3. Occasionally your car would die on the freeway for no reason. You would have to pull to the side of the road, close all of the windows, shut off the car, restart it, and reopen the windows before you could continue. For some reason you would simply accept this.
  4. Occasionally, executing a maneuver such as a left turn would cause your car to shut down and refuse to restart, in which case you would have to reinstall the engine.
  5. Macintosh would make a car that was powered by the sun, was reliable, five times as fast and twice as easy to drive – but would run on only 20 percent of the roads.
  6. The oil, water temperature, and alternator warning lights would all be replaced by a single “This Car Has Performed An Illegal Operation” warning light.
  7. The airbag system would ask “Are you sure?” before deploying.
  8. Occasionally, for no reason whatsoever, your car would lock you out and refuse to let you in until you simultaneously lifted the door handle, turned the key and grabbed hold of the radio antenna.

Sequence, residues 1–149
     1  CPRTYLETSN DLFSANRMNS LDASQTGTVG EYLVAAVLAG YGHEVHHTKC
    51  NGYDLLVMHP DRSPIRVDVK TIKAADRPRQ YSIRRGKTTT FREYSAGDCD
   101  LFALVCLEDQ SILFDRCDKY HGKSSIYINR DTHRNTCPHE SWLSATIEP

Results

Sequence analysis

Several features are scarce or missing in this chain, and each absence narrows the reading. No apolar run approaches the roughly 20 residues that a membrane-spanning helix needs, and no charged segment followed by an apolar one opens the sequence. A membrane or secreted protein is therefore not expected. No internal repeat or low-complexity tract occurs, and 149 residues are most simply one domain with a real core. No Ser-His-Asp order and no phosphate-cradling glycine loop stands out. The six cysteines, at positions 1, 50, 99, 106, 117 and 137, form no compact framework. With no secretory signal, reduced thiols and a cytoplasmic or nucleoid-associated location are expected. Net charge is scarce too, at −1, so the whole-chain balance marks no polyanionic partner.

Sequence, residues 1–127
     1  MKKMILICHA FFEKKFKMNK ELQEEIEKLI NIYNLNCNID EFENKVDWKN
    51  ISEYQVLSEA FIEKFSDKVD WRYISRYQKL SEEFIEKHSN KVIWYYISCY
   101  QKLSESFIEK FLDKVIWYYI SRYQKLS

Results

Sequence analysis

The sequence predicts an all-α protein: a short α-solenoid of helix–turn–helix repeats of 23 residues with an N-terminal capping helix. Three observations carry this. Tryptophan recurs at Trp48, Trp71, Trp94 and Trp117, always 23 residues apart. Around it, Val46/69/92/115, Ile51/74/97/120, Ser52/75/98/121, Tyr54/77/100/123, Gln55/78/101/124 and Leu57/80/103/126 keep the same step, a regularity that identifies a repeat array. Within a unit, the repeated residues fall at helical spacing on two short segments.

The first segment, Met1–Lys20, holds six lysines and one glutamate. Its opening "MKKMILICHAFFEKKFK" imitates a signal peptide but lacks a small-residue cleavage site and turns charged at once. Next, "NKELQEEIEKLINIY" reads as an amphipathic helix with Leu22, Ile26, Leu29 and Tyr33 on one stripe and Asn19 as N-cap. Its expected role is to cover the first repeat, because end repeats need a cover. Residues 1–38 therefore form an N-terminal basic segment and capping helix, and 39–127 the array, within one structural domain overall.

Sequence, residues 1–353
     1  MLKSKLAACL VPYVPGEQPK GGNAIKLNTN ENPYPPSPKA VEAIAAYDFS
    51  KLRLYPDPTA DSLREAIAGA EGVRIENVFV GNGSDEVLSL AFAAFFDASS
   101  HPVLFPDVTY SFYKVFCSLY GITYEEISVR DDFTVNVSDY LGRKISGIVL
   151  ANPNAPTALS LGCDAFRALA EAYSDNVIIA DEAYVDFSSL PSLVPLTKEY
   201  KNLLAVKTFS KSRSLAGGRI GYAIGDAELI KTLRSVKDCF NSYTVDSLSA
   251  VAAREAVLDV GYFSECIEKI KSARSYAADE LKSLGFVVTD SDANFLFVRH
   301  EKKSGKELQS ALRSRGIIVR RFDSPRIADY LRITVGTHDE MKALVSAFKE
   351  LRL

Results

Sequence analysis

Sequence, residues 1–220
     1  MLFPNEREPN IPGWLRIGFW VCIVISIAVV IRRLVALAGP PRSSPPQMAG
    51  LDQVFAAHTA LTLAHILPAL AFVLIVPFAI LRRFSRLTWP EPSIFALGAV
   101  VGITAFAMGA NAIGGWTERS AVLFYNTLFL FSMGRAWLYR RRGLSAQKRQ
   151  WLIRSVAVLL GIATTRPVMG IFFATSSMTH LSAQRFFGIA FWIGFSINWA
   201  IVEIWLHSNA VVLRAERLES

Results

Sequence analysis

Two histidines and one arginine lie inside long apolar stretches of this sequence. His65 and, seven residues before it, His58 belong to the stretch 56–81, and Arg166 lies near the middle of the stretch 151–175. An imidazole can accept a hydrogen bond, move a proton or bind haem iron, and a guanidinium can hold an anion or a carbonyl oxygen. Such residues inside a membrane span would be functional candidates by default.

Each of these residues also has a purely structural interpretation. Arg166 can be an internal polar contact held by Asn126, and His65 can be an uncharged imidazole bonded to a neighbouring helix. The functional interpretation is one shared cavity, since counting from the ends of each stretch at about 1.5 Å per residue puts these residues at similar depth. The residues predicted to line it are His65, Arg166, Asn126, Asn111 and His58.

9. Every time a new car was introduced car buyers would have to learn how to drive all over again because none of the controls would operate in the same manner as the old car.
  10. You’d have to press the “Start” button to turn the engine off.

 

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Tutor.com, aided by a $1.5 million grant from the Bill & Melinda Gates Foundation, is developing a unique professional development model focused on on-demand, one-on-one support for math teachers.
Have you struggled with professional development in your district? How would you change professional development offerings? What are some of the challenges that go along with offering a solid professional development program?

Leave your thoughts in the story’s comment section, or eMail me.
Laura Devaney, Managing Editor
ldevaney@es[email protected]

Tutor.com to apply its tutoring model to helping teachers; participants being sought through March 15